SCHENECTADY The two busiest police officers on patrol worked an average of 60 hours a week, every week, last year as overtime costs crept upward.
According to the city’s list of highest-paid city employees, police officers spent far more time at work than they have in recent years. The city will not release its total overtime spending for another month, but it’s clear those costs have gone up significantly.
Still, it’s not as bad as in 2008, when the busiest officers were working an average of 90 hours a week. That year, the police department overspent its overtime budget by 20 percent.
At that time, then-Mayor Brian U. Stratton said the high level of overtime could hurt officers’ ability to stop crime. He said patrol officers might be too tired to make the right judgment calls when they needed to make a split-second decision.
First number is base salary; second number is actual pay earned
Police Evidence Technician John Ericson, $66,345, $149,429
Assistant Police Chief Michael Seber, $123,816, $149,182
Assistant Police Chief Jack Falvo, $123,816, $146,853
Police Lieutenant Eric Clifford, $80,070, $141,615
Police Lieutenant Mark McCracken, $80,070, $140,260
Public Safety Commissioner Wayne Bennett, $124,432, $138,173
Police Sgt. Patrick Morris, $71,899, $136,624
Police Evidence Technician Thomas Adach, $66,345, $127,804
Police Evidence Technician Jeremy Pace, $66,345, $125,202
Fire Chief Michael Della Rocco, $129,933, $124,582
Source: City payroll records
Shortly afterward, the top-working officer, Dwayne Johnson, was discovered spending some of his work hours in an apartment instead of patrolling. Then city officials cracked down on extreme overtime.
For two years, they maintained a tight grip, with the busiest patrol officers working no more than two extra shifts a week. But in 2011, several officers retired unexpectedly and others were fired, leaving the police department understaffed.
Two patrol officers ended up working, on average, an extra 20 hours each week — the equivalent of a 60-hour week, every week of the year. Officers Peter Mullen and Sean Clifford earned an extra $52,000 for their work, costing the city as much as it would have to hire one officer and pay all the associated benefits. Between the two, they worked 41 extra hours a week.
Five other officers averaged 13 to 19 extra hours a week, roughly the same as in 2010.
Public Safety Commissioner Wayne Bennett said he would prefer to hire new officers, but said 60-hour workweeks aren’t as dangerous as the 90-hour weeks officers used to work.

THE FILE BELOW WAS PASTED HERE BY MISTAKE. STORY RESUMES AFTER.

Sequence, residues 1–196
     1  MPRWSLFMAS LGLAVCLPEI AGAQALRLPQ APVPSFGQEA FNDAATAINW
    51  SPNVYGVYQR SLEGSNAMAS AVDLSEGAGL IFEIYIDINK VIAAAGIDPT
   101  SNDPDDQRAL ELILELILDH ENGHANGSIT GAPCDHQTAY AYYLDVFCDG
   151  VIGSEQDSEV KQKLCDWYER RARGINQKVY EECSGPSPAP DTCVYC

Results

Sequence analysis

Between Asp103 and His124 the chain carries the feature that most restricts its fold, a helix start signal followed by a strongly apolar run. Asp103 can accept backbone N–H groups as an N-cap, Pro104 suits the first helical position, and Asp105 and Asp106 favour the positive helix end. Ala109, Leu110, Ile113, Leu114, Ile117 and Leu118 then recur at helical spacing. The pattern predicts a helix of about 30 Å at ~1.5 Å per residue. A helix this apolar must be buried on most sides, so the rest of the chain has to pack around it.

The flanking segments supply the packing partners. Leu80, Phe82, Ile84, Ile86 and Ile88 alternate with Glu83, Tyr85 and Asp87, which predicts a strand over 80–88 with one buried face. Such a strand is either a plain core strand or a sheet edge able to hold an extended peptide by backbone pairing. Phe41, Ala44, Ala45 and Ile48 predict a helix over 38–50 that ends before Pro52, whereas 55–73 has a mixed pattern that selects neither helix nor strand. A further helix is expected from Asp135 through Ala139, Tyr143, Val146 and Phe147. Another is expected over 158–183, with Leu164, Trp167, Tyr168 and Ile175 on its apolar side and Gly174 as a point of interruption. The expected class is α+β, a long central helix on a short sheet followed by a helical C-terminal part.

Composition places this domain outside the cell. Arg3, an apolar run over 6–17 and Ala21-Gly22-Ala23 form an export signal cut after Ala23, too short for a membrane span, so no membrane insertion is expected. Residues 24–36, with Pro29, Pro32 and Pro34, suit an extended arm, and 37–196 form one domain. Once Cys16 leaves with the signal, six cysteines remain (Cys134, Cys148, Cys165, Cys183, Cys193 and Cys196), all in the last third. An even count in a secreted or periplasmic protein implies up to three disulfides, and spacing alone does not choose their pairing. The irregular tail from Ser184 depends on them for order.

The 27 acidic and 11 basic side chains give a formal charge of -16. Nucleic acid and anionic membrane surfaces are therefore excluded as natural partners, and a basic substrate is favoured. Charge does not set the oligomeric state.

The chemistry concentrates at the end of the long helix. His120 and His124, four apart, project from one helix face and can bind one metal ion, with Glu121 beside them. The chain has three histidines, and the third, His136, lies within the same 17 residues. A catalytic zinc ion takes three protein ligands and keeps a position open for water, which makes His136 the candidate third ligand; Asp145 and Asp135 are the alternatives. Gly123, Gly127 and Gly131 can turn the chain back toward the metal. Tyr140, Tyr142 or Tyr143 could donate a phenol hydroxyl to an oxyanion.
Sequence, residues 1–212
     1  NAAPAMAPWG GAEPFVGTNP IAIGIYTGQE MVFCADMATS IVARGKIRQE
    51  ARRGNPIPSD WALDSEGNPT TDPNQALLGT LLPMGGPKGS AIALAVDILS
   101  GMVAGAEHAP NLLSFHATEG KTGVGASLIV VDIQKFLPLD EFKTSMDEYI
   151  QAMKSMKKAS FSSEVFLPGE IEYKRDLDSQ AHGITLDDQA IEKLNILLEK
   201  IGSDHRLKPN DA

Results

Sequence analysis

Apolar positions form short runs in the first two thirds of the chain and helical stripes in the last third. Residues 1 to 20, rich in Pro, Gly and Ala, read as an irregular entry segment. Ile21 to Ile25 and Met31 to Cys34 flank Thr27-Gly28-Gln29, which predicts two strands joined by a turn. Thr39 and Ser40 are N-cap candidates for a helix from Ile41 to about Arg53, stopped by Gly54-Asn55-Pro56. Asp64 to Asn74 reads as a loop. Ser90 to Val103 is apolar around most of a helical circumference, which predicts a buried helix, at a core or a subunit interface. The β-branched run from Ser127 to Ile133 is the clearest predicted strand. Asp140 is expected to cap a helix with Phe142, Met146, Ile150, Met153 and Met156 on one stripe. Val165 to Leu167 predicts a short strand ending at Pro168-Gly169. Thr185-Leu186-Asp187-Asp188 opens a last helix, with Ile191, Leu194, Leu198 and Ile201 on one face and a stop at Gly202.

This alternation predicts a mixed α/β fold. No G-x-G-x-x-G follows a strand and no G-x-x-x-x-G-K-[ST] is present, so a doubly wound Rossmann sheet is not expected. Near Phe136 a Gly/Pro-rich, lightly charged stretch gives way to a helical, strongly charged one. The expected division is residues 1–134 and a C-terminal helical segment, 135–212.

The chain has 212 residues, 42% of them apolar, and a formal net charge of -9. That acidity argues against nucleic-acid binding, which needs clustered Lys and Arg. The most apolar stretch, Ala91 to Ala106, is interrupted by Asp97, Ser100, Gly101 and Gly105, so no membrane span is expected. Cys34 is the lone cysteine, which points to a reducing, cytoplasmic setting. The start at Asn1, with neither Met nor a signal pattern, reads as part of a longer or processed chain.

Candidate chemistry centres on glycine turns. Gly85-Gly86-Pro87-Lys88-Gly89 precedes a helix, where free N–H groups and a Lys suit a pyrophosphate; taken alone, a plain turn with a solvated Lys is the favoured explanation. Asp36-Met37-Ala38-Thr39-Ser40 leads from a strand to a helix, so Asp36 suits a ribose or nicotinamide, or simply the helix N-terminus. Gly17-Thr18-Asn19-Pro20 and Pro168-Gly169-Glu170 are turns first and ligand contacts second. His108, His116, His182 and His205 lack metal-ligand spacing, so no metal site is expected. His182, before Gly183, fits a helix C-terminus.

“I’m not worried about fatigue at that level,” he said, noting that it was the equivalent of 12-hour days. Many law enforcement agencies have 12-hour work days — and their officers also work overtime.
Bennett added that he thinks the city will spend less money on overtime this year because the department has hired new officers.
“I think you’re going to see things change back,” he said. “Obviously, management’s goal is to reduce cost, but this particular year it was driven by the level of staffing.”
The city also spent far more on evidence technicians than officials had budgeted, with the top technician earning an extra $83,084 on top of his regular $66,345 salary. Top technician John Ericson worked an average of 72 hours a week. Two other technicians posted average 64-hour and 63-hour weeks.
It cost the city a total of $203,400 in overtime.
Bennett said it couldn’t be helped. Ericson had to train new evidence technicians as well as handle all of the serious cases, he said.
“The other evidence technicians weren’t really up to speed yet on the really big cases,” Bennett said. “You wouldn’t dare send a brand new guy to a homicide. Particularly now with the focus on physical evidence, including DNA, you’d better go in with the varsity.”
The city also had to pay extra for the other evidence technicians to shadow Ericson at big cases so they could learn the job. Two of them are now ready to take on those cases, Bennett said, but it took a year of training, he said. And that meant a lot of work for Ericson.
Still, Bennett wasn’t worried that Ericson would miss crucial evidence because of his work schedule.
“No, because he is that good,” Bennett said. “He knows how to pace himself. You’ll see cases we preserve the crime scene with uniformed patrols, that’s to give this guy respite. That’s expensive, too, but he’s a very experienced guy and he knows when he needs to get rest.”
One other cost also crept up last year. Five officers earned more than $140,000, up from two last year. In 2008, eight employees broke the $140,000 mark.
In total, 55 city employees made more than $100,000, down from 56 workers last year. In 2008, 63 workers earned six-figure paychecks.